PHILADELPHIA - At long last, Astros starter Justin Verlander has his World Series victory. In his ninth career World Series start, spanning 16 years and three different decades, this was his first win. And while we know the W-L record isn't close to the best metric by which a pitcher is measured, he had earned pretty much every bit of his record to this point.
It wasn't the prettiest outing, and we'll get to that, but Verlander gutted his way through five innings and led his team to a 3-1 victory, pushing the Astros to a 3-2 World Series lead and on the cusp of their second championship in a six-year span.
Prior to Game 5 of the 2022 World Series, Astros manager Dusty Baker was asked about Verlander and he talked about how much confidence he has in his 39-year-old ace.
"Everybody's wondering, 'is he on a short leash?' I mean, no, he doesn't have a leash at all," said Baker. "I mean, he's Justin Verlander."
On one hand, it's hard to blame him. Justin Verlander is a generational talent. He's a slam-dunk, first-ballot Hall of Famer. After the season, he's almost certainly going to collect his third Cy Young and he probably should have won at least one more. Still, once he's named the 2022 AL Cy Young winner, only Roger Clemens, Randy Johnson, Greg Maddux and Steve Carlton will be higher than him in that category.
On the other hand, Justin Verlander in the World Series hasn't been that guy. Heading into Game 5, Verlander had made eight World Series starts in his career. He was 0-6 with a 6.07 ERA. Among pitchers who have worked at least 30 innings in World Series history, that was the worst ERA. Ever.
This is a guy with a career 3.24 ERA (132 ERA+) who has been under 3.00 in five full seasons. He's legitimately one of the greatest pitchers of all time. In the World Series, however, he had been arguably the worst.
He could have gone out and dominated to shut down the narrative forever. He could also have folded, gotten shelled and solidified a reputation that he can't get it done when the most pressure is on. It was somewhere between the two while being much closer to the dominant side.
To be clear, he didn't dominate. Verlander gave up four hits and four walks in five innings of work, needing 94 pitches to get through the five innings. He gave up a leadoff homer to Kyle Schwarber and then the Phillies loaded the bases in the second inning.
On the Schwarber homer, Verlander talked after the game about getting past it and focusing on the task at hand.
"Initially, you're like, that sucks," he said. "But as a starting pitcher, been there done that. It sucks because of the moment and obviously all the questions [about not having a World Series win] and the weight, but you have to rely on the hundreds of starts and thousands of pitches I've thrown before. And just kinda say, 'OK, I've given up a leadoff home run before, let me bear down and it's not going to be indicative of what's gonna happen the rest of the game.'"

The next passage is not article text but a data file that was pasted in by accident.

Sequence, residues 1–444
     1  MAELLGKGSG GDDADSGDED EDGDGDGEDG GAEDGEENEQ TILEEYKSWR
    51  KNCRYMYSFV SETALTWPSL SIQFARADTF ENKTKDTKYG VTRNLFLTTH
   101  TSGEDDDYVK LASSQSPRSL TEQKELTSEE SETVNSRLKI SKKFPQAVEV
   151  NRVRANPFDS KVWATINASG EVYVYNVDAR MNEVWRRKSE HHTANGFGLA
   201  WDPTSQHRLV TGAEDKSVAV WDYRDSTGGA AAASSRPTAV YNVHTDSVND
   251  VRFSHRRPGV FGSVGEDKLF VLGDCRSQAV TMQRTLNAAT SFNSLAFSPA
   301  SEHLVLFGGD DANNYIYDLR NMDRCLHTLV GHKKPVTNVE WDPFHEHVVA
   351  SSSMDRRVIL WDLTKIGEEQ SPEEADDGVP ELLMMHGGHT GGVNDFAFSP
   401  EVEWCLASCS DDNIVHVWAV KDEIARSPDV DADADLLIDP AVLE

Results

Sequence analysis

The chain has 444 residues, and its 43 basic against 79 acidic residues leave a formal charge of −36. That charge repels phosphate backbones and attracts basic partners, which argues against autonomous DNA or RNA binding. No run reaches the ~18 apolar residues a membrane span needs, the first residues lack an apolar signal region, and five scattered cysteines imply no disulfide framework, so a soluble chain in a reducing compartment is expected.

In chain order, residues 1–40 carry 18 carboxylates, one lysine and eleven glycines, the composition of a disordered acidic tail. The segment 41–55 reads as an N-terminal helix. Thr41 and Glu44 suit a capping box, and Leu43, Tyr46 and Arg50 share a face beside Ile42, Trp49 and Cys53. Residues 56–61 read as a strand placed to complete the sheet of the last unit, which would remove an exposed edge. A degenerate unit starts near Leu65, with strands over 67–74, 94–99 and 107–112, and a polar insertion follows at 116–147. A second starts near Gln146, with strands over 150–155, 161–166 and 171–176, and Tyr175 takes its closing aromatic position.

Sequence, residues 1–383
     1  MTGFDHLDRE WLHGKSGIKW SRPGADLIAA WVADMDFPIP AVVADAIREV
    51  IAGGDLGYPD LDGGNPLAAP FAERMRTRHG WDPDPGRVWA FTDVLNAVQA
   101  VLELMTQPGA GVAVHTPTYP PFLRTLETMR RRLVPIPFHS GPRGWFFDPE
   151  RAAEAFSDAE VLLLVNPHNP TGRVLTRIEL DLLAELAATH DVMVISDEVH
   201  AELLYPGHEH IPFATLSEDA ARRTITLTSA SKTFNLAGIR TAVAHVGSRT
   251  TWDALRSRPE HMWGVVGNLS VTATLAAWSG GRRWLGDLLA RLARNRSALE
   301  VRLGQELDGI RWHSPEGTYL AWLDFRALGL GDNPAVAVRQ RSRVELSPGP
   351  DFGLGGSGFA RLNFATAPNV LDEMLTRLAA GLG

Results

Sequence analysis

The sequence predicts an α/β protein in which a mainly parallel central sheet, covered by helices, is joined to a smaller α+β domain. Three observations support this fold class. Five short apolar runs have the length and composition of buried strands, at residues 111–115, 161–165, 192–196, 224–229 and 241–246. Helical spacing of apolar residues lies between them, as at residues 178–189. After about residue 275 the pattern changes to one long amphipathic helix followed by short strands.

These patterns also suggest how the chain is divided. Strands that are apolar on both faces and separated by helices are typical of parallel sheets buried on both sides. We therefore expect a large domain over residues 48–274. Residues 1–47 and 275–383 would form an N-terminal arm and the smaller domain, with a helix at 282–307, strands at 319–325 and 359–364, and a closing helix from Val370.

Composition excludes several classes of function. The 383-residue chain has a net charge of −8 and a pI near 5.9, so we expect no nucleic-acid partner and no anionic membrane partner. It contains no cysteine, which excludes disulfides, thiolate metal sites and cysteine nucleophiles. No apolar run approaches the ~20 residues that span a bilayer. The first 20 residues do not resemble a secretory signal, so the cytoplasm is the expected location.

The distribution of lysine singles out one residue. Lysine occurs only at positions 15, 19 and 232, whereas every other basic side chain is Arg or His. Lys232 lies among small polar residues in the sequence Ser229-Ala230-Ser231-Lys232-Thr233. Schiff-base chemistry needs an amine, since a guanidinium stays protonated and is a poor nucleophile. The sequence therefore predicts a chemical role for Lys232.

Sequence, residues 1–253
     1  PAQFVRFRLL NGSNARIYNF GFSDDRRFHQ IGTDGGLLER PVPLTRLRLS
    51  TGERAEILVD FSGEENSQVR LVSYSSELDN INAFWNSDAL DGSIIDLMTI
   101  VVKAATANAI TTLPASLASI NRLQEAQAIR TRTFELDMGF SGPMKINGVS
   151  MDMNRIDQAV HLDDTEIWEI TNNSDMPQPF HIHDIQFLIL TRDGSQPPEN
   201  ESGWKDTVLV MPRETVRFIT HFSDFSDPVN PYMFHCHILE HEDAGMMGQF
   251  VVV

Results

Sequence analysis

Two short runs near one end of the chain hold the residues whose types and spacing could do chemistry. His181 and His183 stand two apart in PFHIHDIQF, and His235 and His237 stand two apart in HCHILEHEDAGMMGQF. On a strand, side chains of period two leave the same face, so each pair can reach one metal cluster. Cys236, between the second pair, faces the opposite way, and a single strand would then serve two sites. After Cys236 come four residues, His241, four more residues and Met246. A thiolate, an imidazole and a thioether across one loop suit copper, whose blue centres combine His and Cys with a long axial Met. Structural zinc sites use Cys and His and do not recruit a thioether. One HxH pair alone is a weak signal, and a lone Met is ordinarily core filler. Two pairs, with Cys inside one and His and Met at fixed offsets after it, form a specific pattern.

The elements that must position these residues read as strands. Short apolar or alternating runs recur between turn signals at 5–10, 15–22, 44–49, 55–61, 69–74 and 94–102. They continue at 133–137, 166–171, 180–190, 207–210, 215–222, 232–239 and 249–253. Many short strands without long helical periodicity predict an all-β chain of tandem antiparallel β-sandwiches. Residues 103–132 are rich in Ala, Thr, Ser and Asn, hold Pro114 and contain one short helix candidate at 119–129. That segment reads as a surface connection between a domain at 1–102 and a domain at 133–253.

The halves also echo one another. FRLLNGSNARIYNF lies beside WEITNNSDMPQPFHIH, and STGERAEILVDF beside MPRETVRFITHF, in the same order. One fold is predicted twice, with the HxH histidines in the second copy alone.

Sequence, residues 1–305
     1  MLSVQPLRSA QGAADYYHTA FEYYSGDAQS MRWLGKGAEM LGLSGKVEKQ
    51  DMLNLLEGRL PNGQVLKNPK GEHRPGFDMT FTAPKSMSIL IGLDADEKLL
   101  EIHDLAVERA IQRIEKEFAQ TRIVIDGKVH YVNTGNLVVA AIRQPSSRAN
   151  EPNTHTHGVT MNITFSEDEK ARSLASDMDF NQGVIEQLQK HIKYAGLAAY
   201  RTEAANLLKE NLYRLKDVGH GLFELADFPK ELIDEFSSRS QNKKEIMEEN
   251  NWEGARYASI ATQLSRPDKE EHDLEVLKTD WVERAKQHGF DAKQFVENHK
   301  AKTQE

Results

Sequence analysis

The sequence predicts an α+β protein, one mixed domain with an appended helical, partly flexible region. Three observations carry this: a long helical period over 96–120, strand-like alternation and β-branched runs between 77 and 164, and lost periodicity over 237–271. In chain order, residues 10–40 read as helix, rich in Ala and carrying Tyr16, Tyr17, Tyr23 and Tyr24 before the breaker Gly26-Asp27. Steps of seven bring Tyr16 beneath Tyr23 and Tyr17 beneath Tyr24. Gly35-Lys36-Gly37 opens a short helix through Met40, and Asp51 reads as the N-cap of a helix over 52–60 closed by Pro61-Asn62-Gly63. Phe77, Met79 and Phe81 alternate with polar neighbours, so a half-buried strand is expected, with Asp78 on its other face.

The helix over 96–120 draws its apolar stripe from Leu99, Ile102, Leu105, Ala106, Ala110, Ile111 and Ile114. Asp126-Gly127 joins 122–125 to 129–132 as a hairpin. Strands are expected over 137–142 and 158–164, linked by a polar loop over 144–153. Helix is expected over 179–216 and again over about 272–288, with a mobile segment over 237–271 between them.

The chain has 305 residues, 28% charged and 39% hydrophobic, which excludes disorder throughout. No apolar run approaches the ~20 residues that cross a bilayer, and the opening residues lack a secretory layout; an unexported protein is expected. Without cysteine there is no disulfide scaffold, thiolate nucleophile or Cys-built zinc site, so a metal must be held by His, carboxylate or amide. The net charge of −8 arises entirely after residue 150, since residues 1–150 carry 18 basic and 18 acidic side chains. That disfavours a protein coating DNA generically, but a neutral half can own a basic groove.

Just as he said he told himself to do, Verlander persisted and he battled his tail off. This was no disappearing act.
Oh, and the other part of Baker's quote from before the game?
"Nobody can get out of trouble better than him."
Verlander proved his manager correct on this one in Game 5.
As noted, there was a lot more traffic than Baker and Verlander would've liked. After the homer in the first, he issued a two-out walk to Bryce Harper before getting a harmless flyout from Nick Castellanos. In the second, he struck Rhys Hoskins out to leave the bases loaded. He got a Bryson Stott routine flyout to leave two runners on in the third, then locked in for the fourth, getting a routine grounder before striking two out. He struck out the first two hitters in the fifth and he was getting stronger with increasing velocity, a signature feature of Vintage Verlander, who we'd see pumping 98 in the eighth inning.
Then Harper got Verlander for a double. There's no shame in that at this point, as Harper has been the single best hitter in the entire playoffs. Verlander buckled down to get Castellanos on a routine fly ball to left, despite the struggling slugger fighting off five of his offerings for foul balls.
Though this was not Vintage Verlander, it was an outing the Astros needed in this pivotal game and he delivered. He didn't shrink from the moment. He stepped up on the biggest stage and got the job done, despite traffic on the bases nearly the entire outing. He didn't have his best stuff, but he made big pitches when needed.
"It was battle," Baker said afterward. "He emptied the tank early and his pitch count got high, but that was as far as we thought we should take him. We held the lead for him. He was in trouble there a couple times, and I remember my teammate Tommy John always told me that a good pitcher can get out of trouble twice and a great pitcher three times and a so-so pitcher maybe one time.
"This guy he's been one of the best of getting out of trouble and, to me, that was his game. Like I've said many times, he's our ace, and it's hard to pull your ace because that's why he's the ace. Who can you bring in? I mean, we got a great bullpen, but who can you bring in that's better than the guy that's out there in Verlander."
And now the ace has a World Series win. That World Series ERA? He's no longer in last place. He chipped away at it enough to avoid that dubious distinction (it is now Carl Erskine from the Jackie Robinson-era Brooklyn Dodgers at 5.83; Verlander sits at 5.63).
Demons have been exorcised, perhaps. The proverbial monkey is off his back. Justin Verlander has a World Series win. If his team grabs another in the next game or two, he'll have another World Series ring. His Hall of Fame resume is already more than complete, but a glaring negative has been rectified.